In 1964 the movie Zorba the Greek (and the soundtrack!) stormed and conquered the hearts of film fans around the world. ‘Zorba’ – based on a novel by Greece’s Nobel Prize winner for Literature Nikos Kazantzakis – won three Oscars. While much appraised leading actor Anthony Quinn had to satisfy himself with a nomination. Although surely his role as Alexis Zorba added enormously to his popularity.

Mexican born Antonio Rudolfo Quinn Oaxaca had played Greek characters before, like in Ulisse (1954) and in the hit The guns of Navarone (1961). Now by his acting and dancing (sirtaki!) in ‘Zorba’ he convinced many cinema visitors that he was at least partly Greek. More Greek in looks and behaviour than some Greeks anyway.

The Greek Tycoon
Still we would have to wait until 1978 to see multitalented Quinn (also film director, painter and sculptor) in his next Greek role. In The Greek Tycoon he is Theo Tomasis, a character based on Aristoteles Onassis. British actress Jacqueline Bisset plays Liz Cassidy, the beautiful widow of the assassinated president of the United States. So we are looking at a romanced account of the courtship and marriage of Onassis and Jacqueline (Bouvier) Kennedy. A relation that begun even before John F. Kennedy became president and lasted for almost two decades.

Negative reviews
The Greek Tycoon (budget 6,5 million dollars, running time: 107 minutes) was met with a lot of critical reception: “As witless as it is gutless” (The New York Times); “You have watched the headlines, now you can read the movie” (Variety). TV Guide rated the movie one star and had only one favourable comment: “If scenery, greenery and lavish living are what you like to see, you may enjoy The Greek Tycoon.” An positive exception is made for the final scene, in which Anthony Quinn’s once more shows his great sense for dance.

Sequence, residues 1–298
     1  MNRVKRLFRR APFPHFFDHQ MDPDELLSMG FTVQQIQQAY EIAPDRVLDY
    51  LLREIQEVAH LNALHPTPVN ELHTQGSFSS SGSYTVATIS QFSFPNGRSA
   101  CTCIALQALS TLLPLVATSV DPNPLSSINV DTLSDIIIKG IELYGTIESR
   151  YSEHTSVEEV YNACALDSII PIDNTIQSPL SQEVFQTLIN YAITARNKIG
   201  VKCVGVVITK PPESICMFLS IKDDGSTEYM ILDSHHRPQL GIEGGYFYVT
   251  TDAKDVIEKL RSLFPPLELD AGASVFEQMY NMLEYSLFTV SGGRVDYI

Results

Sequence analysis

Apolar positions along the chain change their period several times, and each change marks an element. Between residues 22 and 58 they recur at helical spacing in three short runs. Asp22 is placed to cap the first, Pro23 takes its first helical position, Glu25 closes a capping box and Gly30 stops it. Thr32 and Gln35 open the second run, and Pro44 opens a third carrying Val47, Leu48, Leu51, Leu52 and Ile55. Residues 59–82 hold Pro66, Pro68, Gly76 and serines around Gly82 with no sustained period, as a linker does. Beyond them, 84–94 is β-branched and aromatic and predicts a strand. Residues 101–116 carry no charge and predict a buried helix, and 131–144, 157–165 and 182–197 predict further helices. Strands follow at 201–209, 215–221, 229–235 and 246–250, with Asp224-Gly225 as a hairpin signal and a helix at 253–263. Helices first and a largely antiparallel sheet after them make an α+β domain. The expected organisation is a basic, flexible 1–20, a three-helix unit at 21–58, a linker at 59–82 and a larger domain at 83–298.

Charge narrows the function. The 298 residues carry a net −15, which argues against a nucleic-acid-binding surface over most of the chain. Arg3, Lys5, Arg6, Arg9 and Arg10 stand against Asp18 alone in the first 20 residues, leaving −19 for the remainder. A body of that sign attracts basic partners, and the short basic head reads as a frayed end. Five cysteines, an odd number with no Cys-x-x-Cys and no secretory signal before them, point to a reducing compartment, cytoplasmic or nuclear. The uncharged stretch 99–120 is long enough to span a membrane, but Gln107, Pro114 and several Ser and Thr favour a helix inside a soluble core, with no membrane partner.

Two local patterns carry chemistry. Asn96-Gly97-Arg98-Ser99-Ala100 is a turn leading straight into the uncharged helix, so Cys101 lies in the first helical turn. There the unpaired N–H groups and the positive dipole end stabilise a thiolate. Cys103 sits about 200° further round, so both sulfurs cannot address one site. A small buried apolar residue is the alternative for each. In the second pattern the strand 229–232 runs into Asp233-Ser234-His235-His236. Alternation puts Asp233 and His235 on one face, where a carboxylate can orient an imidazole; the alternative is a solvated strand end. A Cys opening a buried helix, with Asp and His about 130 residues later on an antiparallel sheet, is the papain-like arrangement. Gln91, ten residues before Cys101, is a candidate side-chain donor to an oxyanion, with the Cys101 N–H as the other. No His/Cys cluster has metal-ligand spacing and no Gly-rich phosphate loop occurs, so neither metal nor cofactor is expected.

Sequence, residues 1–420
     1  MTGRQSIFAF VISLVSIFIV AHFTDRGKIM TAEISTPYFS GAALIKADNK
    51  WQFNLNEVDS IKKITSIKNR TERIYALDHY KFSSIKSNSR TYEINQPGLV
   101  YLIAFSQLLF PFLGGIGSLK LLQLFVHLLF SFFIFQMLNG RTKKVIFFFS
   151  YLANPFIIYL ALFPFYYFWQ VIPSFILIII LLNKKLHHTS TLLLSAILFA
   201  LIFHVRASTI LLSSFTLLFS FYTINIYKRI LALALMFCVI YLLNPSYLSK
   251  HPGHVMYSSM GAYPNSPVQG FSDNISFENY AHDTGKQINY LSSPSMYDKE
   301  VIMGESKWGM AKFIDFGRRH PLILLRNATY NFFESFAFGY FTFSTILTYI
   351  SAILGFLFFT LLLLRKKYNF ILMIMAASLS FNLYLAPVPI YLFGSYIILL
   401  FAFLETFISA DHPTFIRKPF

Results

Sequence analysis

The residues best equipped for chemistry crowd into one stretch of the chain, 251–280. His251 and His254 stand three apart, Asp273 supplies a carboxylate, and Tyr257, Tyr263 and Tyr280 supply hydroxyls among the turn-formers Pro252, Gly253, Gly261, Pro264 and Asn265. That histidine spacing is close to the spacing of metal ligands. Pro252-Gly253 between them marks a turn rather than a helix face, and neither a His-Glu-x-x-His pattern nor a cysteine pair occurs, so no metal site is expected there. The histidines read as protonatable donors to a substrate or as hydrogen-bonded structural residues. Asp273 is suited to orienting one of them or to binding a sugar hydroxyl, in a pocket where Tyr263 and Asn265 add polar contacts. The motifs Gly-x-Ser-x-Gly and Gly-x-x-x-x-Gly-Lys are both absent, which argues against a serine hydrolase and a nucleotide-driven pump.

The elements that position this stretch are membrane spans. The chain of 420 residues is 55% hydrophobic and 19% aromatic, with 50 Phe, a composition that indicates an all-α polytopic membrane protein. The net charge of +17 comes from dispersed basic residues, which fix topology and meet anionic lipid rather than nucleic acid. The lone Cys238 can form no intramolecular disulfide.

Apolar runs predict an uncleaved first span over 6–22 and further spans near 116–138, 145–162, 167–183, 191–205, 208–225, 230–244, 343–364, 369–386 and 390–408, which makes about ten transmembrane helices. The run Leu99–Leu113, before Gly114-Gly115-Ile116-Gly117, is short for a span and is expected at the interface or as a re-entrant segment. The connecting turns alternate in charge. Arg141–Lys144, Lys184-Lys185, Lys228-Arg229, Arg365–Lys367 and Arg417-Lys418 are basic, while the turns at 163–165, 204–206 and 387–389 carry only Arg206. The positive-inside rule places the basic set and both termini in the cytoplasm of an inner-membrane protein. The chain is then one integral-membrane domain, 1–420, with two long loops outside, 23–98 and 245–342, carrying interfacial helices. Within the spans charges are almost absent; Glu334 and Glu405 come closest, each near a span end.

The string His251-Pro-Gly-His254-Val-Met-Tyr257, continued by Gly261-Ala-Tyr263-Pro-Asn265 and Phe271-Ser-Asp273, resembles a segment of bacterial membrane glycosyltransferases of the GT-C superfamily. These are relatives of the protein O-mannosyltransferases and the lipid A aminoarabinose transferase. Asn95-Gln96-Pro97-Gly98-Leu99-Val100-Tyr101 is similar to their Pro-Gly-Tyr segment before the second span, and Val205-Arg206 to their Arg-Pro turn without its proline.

The scenery of Corfu
“The scenery” and “the greenery” was shot on location in Corfu and Mykonos. The Corfu landscape gets a fair and lavish share. And is anyone familiar with the the background of the photo above? It shows Anthony Quinn in a corner of the village square of Pelekas, entertaining himself during a break in the filming. In The Greek Tycoon you might recognize this setting when Tomasis gets out of a car and slowly walks towards the door of a café on the other side of the square. This café was no more than fifteen meters from Anthony’s playing table. In 1980, some three years after this scene was shot, the café was turned into a bar, known as the ‘Zanzibar’.

Today the Zanzibar is a bar with a both local and international clientele. It’s cocktail menu today proudly shows the photograph above. If even a footnote in the life and times of Anthony Quinn (1915-2001), an icon in the film industry, who twice won the Oscar for supporting actor but never for best actor. And who for a wide audience was more Greek than some Greeks. See for yourself in the final scene from The Greek Tycoon.